The novel will be a hard read for anybody who loves a child, and yet Lupton sweetens the pill with all the tricks one expects of a thriller: twists, clues, misdirection, teases. (The injured headmaster, who has recognised his assailant, has a habit of almost regaining the power of speech, and then relapsing.) A siege may be familiar fictional territory, but Lupton's quirky touches help to defamiliarise it: the children hiding in the library co-opt the books for a blockade ("Elizabeth Bennet, Jane Eyre, Maggie Tulliver and Dorothea Brooke; all those women with their many sisters and friends and enemies and poor-choice husbands barricading the door").
The subject of school shootings is perhaps more raw in Scotland than elsewhere in the UK, coming 23 years after the Dunblane disaster, when 16 primary school pupils and one teacher were killed by a lone gunman, an incident which sparked major changes to handgun laws. Yet Lupton’s ability to handle the topic is subtle and clever. As well as a gripping thriller, this is a story of people: the good, bad and the surprising.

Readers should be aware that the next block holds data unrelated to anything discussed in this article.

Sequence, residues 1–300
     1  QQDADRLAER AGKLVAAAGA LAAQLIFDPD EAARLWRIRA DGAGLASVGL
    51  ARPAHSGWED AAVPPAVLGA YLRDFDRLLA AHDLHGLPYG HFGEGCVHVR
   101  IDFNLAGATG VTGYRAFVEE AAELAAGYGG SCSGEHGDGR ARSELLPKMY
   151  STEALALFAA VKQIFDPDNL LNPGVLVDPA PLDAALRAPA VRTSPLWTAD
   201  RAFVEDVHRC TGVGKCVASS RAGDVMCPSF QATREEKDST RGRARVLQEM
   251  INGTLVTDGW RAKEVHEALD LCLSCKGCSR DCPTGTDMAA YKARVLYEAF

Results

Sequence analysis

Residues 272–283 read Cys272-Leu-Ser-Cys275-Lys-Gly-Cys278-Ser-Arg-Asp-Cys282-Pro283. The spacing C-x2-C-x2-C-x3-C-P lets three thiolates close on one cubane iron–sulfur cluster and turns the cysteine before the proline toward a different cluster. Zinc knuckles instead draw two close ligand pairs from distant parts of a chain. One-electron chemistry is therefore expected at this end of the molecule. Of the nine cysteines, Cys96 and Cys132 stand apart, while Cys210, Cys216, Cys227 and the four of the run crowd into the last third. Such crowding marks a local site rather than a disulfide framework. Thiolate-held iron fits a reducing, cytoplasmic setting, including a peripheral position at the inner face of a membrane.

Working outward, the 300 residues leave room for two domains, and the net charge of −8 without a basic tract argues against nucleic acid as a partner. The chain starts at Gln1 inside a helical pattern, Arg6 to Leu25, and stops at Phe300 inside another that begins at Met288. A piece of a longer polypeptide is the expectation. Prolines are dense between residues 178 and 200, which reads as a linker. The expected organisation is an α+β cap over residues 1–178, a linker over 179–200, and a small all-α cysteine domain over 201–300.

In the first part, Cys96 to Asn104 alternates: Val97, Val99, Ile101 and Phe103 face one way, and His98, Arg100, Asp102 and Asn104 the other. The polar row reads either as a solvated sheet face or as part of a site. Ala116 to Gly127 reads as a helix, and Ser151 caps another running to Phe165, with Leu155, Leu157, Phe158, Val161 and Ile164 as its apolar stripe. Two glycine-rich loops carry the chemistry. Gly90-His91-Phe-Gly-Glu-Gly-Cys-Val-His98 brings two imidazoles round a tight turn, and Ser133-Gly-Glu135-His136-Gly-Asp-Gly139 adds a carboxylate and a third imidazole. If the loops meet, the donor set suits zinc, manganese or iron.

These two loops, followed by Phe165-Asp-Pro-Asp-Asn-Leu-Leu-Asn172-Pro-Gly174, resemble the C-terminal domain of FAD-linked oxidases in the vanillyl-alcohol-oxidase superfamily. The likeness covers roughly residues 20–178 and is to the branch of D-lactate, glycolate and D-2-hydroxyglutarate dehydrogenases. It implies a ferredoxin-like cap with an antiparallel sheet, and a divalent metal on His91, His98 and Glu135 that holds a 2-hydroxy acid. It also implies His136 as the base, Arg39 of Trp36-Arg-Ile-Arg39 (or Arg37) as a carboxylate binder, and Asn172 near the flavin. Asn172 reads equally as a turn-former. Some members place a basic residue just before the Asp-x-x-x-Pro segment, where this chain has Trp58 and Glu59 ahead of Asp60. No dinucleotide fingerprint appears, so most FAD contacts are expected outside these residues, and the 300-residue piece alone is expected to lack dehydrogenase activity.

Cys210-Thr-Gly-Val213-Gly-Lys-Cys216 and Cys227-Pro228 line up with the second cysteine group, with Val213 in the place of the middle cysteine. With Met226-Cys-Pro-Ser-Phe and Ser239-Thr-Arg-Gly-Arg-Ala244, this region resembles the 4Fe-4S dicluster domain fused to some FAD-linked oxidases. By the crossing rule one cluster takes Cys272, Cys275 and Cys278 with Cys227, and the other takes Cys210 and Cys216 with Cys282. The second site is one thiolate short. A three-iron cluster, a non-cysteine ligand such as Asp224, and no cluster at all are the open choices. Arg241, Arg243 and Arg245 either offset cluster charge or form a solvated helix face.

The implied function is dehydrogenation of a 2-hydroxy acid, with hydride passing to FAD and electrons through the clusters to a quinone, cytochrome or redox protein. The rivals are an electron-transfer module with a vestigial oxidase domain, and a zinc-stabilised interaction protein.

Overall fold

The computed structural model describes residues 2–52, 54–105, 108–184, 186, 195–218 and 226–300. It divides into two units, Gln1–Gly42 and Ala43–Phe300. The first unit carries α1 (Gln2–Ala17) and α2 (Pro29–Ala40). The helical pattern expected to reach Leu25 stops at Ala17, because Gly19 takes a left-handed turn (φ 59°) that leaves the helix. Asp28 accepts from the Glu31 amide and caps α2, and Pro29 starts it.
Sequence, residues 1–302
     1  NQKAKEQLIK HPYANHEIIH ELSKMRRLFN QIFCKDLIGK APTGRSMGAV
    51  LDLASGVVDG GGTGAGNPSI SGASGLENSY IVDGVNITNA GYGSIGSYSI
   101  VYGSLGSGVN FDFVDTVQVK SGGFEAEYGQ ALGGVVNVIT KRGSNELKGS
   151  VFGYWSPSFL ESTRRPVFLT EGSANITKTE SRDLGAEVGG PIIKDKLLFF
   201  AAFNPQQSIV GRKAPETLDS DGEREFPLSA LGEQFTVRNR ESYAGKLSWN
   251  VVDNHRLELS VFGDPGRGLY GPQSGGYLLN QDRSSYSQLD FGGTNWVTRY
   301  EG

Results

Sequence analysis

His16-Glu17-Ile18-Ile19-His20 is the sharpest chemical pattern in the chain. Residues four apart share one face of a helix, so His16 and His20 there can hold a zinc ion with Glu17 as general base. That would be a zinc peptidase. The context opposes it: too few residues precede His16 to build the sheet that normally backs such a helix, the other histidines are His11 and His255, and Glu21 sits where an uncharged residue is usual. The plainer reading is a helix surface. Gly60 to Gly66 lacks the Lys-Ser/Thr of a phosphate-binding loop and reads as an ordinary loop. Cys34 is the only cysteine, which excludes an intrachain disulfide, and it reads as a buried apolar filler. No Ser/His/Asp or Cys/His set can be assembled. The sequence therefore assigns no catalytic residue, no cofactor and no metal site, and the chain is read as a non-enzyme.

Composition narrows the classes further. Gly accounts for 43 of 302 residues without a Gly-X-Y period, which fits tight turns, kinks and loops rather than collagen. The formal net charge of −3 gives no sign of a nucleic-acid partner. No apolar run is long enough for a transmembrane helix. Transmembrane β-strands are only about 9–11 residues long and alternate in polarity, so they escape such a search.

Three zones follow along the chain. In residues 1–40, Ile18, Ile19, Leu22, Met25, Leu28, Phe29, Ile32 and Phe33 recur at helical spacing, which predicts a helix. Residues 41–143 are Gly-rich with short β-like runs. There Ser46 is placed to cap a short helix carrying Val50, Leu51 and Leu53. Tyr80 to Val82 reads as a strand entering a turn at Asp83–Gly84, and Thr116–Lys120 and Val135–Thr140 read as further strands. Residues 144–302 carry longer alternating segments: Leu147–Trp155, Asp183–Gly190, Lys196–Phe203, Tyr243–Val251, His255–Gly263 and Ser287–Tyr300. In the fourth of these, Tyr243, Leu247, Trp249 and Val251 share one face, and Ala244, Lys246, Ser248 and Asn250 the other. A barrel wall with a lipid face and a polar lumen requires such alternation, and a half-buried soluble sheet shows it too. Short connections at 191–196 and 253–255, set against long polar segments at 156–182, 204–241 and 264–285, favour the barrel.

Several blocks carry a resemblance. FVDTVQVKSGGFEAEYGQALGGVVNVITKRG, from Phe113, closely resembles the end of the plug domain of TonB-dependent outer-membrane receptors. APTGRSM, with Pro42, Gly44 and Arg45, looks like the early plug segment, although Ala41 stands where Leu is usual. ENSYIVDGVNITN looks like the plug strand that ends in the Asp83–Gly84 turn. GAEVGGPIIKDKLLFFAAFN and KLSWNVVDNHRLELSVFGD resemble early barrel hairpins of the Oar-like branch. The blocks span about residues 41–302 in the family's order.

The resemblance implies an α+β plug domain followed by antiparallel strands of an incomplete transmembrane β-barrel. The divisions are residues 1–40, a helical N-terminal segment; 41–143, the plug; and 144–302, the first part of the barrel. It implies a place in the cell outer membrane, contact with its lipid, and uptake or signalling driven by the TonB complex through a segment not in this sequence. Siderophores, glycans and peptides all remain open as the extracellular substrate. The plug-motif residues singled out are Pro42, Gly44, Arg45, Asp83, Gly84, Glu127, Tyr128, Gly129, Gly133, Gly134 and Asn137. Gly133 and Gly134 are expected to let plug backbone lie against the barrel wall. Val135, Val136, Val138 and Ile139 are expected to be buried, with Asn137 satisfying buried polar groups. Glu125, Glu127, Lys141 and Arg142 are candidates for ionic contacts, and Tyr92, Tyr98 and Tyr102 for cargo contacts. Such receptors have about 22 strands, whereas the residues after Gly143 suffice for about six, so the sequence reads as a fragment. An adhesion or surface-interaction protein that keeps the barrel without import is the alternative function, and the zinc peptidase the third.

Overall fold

Rosamund Lupton deftly explores the roles played by social media and the press in such a situation, sometimes with palpable anger, and throws in a few chilling twists, but this novel’s greatest strength is its moving depiction of the anguishes of parenthood and the wild possibilities of first love.
Three Hours intersperses scenes of breath-sucking tension with stirring meditations on human nature. It’s no coincidence that Rafi smuggled a dog-eared copy of Macbeth out of Syria, or that this “play about raw evil” happens to be what the drama students are rehearsing when the theatre goes into lockdown. But the message Lupton’s novel delivers is that only love can save us. “Love is the most powerful thing there is,” the headmaster tells Hannah, “the only thing that really matters.” Love is commemorated in all its forms: romantic, brotherly, maternal, familial, but most of all the bonds of friendship and community that make it possible for one person to lay down their own life for another.